And yes, you can choose between a matte black tech-style finger or one with human flesh-like covering.
According to Engadget:
On the less creepy side, MobiLimb can be used to prop up a phone when you're watching a video, control phone settings and provide an additional way to grip your device. But on the extra creepy side, it can caress your arm as you hold your phone or be dressed to look like a human finger.
An early one framed this as a solution to a bad relationship:
Another use is more prosaic:
Another comment, on the "sneakernews" Instagram page (which has 7.5 million followers), "riccardomancaa" said, "Can y'all comment RIP on my latest photo so people think I'm dead and so I cannot go to school."
There's a playful, game-like aspect to this:
Karen North, a clinical professor of communication at USC Annenberg [explains:] "Because that's not part of a game. The game is to get people to comment, and the other game is to get people to fall for the fake report of your death."
Any medium will eventually turn to stories of death. Any medium can be used for fakery and hoaxes. It follows that the two can coincide.
bots are quickly becoming the bête noires of the digital age in the public mind—and yet few have sought to link them to the spirits of the Old World, the entities that once enthralled and haunted the minds of generations of philosophers.
This week Amazon's Alexa decided to drop the benign mask and be open about its creepiness, at least for certain users. Some Alexa or Echo devices have started... laughing.
Alexa seemed to start laughing without being prompted to wake. People on Twitter and Reddit reported that they thought it was an actual person laughing near them, which is certainly scary if you’re home alone. Many responded to the cackling sounds by unplugging their Alexa-enabled devices...
Here's a nice twist: when the laughter "appears as a bizarre response to requests to turn off the lights."
Good night, Alexa. Good night, humans. Good night, humans.
“We have to look at the internet because a lot of bad things are happening to young kids and young minds and their minds are being formed, and we have to do something about maybe what they’re seeing and how they’re seeing it,” the president said from the White House during a meeting with officials on school safety.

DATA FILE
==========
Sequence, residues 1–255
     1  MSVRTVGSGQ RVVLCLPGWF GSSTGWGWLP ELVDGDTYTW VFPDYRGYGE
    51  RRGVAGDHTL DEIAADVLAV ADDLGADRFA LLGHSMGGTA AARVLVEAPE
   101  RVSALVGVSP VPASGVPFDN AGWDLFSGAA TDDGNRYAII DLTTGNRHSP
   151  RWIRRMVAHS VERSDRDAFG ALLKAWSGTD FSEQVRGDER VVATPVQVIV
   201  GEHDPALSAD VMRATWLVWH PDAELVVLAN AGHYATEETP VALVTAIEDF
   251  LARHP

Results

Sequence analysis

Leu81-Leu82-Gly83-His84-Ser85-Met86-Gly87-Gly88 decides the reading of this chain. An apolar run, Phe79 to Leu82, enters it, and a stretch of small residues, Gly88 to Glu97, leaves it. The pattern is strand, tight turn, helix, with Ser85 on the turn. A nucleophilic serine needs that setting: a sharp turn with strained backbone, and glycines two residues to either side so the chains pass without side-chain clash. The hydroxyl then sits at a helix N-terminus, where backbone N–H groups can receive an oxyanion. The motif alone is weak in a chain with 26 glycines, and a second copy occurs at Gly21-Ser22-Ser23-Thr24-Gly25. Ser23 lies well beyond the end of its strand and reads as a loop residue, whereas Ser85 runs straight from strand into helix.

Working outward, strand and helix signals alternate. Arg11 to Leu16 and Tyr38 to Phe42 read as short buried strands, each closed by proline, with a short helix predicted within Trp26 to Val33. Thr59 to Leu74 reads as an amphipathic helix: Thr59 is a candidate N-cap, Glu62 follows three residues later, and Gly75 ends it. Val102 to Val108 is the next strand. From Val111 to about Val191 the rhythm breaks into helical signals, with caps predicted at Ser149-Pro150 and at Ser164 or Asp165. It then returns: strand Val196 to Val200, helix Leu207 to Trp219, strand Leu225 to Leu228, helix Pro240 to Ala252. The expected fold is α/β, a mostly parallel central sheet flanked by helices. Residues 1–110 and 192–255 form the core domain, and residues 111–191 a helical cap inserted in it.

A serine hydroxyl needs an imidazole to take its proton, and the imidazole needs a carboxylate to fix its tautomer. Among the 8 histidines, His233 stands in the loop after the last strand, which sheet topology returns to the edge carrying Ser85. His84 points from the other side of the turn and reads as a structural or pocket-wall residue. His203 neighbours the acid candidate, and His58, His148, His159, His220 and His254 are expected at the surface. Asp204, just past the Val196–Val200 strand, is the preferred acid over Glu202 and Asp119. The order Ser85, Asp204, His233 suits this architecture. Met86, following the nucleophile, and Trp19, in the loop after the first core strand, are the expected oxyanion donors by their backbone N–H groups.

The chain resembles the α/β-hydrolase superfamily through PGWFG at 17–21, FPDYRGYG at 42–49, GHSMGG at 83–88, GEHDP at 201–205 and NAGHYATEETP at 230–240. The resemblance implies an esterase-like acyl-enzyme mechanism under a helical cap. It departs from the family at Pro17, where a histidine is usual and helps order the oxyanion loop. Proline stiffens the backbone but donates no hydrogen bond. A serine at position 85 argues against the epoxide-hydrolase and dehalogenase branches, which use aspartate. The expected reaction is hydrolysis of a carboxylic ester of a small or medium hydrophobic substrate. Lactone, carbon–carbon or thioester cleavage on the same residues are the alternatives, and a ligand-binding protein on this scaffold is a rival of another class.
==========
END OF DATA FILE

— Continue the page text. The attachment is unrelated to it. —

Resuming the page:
Next, he targeted computer games:
“And also video games. I’m hearing more and more people say the level of violence on video games is really shaping young people’s thoughts.”
These aren't especially interesting comments from a cyberfear perspective. It's pretty simple instance of the old classic: blaming a medium for shaping consumers' mentalities and influencing their behavior.
But it is noteworthy as a very high profile instance.
From Farhad Manjoo's update on Alexa, a small and nicely creepy short short story:
My wife and I were just settling into bed one night when Alexa, the other woman in my life, decided to make herself heard.
Without being summoned, the Amazon Echo Dot at my bedside — one of the half-dozen devices that Alexa inhabits in our house — lit up its spectral blue ring, as if it had heard its triggering wake word, “Alexa.” But instead of offering help with some household chore, the voice assistant began to wail, like a child screaming in a horror-movie dream.
“Huh,” I said to my wife when it was over. She said something less kind.
But here’s what’s really strange: By the next morning, we had forgotten all about it.
There is also a nice coda:
(An Amazon representative offered to investigate, but said the company had never heard of such a thing happening before and didn’t think Alexa was even capable of making such a sound.)
It's interesting to see well-established horror tropes from mobile devices (the mysterious sound coming unbidden) map onto AI fears (it's autonomous! it's alive!) and combine in the domestic space (the couple were in bed).